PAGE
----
Modern man likes to consider history as the unreeling of a necessary process. This view is an after-effect of the modern conception of nature as the basic data of that which is. If this is true, then it must follow that all that takes place in nature is natural, hence right. Now actually, history is determined by the spirit, but according to the above theory, even the spirit is a mere part of that universal whole whose "rightness" finds expression within the framework of nature. Therefore, all the mistakes, abuses, violence of individuals in history are scrupulously ignored: the process of history is a "natural" process, hence right and trustworthy.
One of the main decisions which future man will have to make will turn on his realizing or failing to realize the error of this concept. Man is determined by the spirit; but the spirit is not "nature." The spirit lives and acts neither by historical nor by metaphysical necessity, but of its own impulse. It is free. It draws its ultimate life and health from its right relation to the true and the good, a relation which it is also free to deny or destroy. Man does not belong exclusively to the world; rather he stands on its borders, at once in the world yet outside it, integrated into it yet simultaneously dealing with it because he is related directly to God. Not to the "Spirit of the Age," not to the "All-Mysterious One," not to any First Cause—but to the sovereign Lord, Creator of all being, who called man into existence and sustains him in that vocation, who gave the world into his keeping, and who will demand an account of what he has done with it.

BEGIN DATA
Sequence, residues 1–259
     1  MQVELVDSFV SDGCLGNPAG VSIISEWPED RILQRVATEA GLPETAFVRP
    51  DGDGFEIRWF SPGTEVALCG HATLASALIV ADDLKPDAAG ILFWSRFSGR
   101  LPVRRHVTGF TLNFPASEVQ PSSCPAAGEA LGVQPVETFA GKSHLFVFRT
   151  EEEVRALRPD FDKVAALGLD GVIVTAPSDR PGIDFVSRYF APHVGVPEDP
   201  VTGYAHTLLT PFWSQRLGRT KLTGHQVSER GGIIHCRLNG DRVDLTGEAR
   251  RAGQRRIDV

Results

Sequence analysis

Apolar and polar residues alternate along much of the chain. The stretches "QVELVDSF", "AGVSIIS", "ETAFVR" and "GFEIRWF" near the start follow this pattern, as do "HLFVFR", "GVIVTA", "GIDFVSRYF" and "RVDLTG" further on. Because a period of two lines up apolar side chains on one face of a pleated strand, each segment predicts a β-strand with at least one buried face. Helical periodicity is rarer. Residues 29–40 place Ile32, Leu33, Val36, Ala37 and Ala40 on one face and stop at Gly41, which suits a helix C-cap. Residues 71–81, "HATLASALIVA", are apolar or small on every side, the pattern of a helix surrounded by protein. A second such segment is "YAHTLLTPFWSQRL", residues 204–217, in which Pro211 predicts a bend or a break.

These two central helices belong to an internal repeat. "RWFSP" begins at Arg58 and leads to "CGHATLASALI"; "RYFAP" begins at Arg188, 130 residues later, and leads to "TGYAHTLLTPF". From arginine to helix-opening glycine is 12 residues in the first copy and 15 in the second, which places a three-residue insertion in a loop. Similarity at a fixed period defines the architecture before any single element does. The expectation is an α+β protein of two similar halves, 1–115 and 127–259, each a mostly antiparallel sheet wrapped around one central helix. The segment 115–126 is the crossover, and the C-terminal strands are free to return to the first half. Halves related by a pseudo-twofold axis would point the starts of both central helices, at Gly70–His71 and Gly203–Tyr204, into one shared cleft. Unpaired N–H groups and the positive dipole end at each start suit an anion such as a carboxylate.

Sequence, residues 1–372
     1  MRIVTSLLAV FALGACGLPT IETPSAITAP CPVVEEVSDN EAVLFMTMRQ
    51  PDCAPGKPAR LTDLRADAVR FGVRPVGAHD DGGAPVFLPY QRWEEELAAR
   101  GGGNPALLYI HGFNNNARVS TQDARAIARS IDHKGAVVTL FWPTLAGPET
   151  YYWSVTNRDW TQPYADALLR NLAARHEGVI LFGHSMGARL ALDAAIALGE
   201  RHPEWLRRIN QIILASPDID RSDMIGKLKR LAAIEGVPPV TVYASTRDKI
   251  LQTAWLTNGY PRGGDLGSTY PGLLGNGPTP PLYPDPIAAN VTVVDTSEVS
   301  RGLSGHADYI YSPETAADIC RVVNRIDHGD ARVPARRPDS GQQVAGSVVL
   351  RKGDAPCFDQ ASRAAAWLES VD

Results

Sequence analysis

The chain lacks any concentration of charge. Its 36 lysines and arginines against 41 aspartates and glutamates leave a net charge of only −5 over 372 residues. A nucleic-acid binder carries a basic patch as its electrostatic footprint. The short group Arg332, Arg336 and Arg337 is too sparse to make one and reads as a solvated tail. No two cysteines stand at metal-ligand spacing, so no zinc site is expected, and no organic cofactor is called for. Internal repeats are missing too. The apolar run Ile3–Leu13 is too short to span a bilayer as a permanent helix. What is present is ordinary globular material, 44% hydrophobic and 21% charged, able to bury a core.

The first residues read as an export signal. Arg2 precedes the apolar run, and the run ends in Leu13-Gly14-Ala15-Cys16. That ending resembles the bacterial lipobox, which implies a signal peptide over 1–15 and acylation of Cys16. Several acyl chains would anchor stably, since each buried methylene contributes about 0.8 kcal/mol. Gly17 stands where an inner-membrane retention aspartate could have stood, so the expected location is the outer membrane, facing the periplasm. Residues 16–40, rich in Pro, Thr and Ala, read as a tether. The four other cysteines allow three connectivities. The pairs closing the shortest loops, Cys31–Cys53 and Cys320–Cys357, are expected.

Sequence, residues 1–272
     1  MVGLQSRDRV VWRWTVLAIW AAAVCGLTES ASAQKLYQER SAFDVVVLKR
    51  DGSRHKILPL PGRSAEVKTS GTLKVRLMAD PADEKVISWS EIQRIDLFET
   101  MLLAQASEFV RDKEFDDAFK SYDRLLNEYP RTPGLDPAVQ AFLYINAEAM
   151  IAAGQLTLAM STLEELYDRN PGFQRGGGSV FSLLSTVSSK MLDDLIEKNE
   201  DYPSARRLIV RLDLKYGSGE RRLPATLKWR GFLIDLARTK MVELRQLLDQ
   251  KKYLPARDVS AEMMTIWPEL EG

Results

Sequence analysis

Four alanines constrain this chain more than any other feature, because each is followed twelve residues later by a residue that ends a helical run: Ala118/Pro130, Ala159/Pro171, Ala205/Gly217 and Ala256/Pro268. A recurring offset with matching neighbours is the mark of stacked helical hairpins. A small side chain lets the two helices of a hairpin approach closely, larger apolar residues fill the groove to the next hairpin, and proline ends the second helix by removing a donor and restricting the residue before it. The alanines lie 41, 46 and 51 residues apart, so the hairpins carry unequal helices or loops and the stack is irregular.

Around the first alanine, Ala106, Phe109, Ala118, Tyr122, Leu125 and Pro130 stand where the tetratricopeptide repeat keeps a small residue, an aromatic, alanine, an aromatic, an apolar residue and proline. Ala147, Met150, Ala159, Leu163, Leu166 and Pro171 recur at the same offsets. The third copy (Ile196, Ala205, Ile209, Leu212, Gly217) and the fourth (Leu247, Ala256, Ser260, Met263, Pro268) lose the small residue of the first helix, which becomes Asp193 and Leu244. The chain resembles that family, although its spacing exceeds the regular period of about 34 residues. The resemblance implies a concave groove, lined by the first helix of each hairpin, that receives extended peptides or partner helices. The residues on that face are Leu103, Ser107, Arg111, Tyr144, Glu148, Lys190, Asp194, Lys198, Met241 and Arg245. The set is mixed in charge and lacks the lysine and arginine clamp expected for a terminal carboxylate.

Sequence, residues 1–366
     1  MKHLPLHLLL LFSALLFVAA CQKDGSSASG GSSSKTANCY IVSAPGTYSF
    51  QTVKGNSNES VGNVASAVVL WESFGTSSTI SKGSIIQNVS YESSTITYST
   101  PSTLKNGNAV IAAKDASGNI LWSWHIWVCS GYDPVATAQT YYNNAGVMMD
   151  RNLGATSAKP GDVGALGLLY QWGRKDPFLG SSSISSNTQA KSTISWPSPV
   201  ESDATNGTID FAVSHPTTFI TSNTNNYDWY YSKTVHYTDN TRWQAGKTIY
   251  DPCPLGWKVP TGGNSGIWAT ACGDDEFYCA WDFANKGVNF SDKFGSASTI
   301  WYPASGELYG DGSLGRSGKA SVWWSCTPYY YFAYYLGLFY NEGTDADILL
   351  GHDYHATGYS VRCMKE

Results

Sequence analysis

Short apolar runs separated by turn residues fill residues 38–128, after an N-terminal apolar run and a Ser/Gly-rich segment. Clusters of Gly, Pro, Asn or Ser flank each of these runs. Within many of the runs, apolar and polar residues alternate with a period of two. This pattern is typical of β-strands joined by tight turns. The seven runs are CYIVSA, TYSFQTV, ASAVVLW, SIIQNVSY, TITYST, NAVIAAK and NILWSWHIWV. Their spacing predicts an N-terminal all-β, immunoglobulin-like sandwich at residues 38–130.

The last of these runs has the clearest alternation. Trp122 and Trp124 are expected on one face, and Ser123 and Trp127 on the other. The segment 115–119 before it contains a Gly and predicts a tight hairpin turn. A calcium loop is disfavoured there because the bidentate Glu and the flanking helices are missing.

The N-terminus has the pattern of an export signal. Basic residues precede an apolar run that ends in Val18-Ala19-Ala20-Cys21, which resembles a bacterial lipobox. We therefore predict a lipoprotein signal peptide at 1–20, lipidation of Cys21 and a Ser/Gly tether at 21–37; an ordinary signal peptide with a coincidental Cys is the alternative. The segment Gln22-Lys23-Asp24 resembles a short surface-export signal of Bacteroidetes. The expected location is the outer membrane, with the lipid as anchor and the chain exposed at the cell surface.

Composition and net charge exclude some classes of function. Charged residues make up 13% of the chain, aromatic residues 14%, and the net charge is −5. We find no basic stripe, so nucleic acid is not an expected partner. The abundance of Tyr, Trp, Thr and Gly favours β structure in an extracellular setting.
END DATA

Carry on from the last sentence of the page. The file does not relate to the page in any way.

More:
Man must examine the basic facts of his existence. If he does not, events will pass him by, leaving him an ever greater stranger on earth.